ECB: Need Stronger Wage Developments for Durably Higher Inflation, But Don’t See These
21 September 2021
By David Barwick – FRANKFURT (Econostream) – Durably higher inflation would require price pressures on a broad base and in particular stronger wage developments that to date are not clearly visible, the European Central Bank said on Tuesday.
In a pre-release from the sixth economic bulletin of the year, due out Thursday, the ECB said, ‘Overall, a substantial part of the strong increases in inflation and the upside inflation surprises over recent months in the United States and the euro area can be attributed to special factors that are likely to be of a temporary nature.’
‘For a more permanent increase in inflation, price pressures would usually need to become more broad-based (especially in the euro area) and also reflect increasing labour cost pressures’, it continued. ‘However, there is so far no firm indication of the latter once the effects of changes in the composition of employment and of job retention schemes are taken into account.’
The emergence from the pandemic of economies ‘represents a unique situation with considerable irregularities for inflation developments, which require close monitoring and add to the uncertainty surrounding the inflation outlook’, the ECB said.
The ECB noted expectations calling for US headline inflation to be well above pre-pandemic levels next year but for euro area inflation to top 2019 readings only a bit.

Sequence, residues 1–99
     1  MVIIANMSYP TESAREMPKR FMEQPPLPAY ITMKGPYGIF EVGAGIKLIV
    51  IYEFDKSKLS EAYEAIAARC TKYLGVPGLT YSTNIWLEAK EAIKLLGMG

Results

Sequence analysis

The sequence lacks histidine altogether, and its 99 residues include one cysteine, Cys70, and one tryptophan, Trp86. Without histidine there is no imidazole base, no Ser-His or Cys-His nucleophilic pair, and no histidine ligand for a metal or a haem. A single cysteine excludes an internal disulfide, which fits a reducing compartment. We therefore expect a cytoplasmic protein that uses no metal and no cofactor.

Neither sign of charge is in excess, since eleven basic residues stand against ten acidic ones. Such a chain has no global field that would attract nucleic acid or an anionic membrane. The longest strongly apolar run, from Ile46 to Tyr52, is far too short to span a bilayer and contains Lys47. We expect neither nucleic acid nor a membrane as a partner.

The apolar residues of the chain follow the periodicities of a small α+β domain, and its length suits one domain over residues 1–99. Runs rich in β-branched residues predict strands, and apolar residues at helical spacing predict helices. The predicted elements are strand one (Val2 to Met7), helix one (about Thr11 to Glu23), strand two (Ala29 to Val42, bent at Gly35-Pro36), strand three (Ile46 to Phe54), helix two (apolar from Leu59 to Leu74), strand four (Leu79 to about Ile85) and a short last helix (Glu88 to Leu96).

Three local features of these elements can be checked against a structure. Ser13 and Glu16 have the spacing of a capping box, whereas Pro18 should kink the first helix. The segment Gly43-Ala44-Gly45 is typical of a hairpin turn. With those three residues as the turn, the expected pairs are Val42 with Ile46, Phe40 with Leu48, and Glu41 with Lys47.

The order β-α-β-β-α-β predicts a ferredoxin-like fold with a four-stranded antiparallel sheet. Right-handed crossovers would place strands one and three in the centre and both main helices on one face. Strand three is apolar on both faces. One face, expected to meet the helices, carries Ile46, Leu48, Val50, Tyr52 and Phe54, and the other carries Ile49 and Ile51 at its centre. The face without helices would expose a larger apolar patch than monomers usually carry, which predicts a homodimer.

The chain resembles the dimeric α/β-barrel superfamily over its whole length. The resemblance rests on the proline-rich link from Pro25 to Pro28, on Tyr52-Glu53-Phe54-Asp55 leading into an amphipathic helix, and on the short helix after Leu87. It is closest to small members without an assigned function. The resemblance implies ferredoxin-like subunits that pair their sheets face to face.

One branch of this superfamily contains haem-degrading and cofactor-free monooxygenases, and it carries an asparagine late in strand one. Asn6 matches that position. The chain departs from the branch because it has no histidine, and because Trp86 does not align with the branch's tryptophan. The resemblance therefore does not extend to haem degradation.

Still, ‘uncertainty about inflation developments in 2022 seems to remain substantially higher in the United States than in the euro area’, the ECB said.
Price pressures were more broad-based in the US than in the euro area, according to the ECB.
‘While a few items with especially high inflation rates (including energy inflation) played a crucial role in the strong increase in headline inflation over recent months, price pressures in the United States have increased more broadly across the distribution of items included in CPI less food and energy’, it said.
About one third of all items measured in CPI ex-food and energy registered annual inflation of above 4% as of July, with only 14% of them experiencing deflation, the ECB said, down from around a third in January.
‘In the euro area, by contrast, the shares of items with very low inflation (below zero) and high inflation (above 4%) have remained relatively stable’, the ECB said.
The relatively subdued development of inflation ex-food and energy in the euro area versus the US reflects the greater economic slack in the former along with several other causes, the ECB said. Among these were high price increases for used vehicles in the US in 2Q of the current year, which the ECB said accounted for approximately half of the rise in the US core inflation measure from 1.4% in January to 4.3% in July.
Used car prices have not risen much in the euro area and only have a weight in headline inflation of about one third of their weight in US headline inflation, according to the ECB.
In addition, the cost of services related to travel and transportation increased with the lifting of pandemic containment measures, which occurred earlier in the US, the ECB noted.
Rents mitigated somewhat the spread between US and euro area inflation trends, limiting core inflation in the US, but not in Europe, the ECB said.
US and euro area core inflation developments have in common an increasing contribution from consumer goods, not including clothing, footwear and used cars, the ECB observed.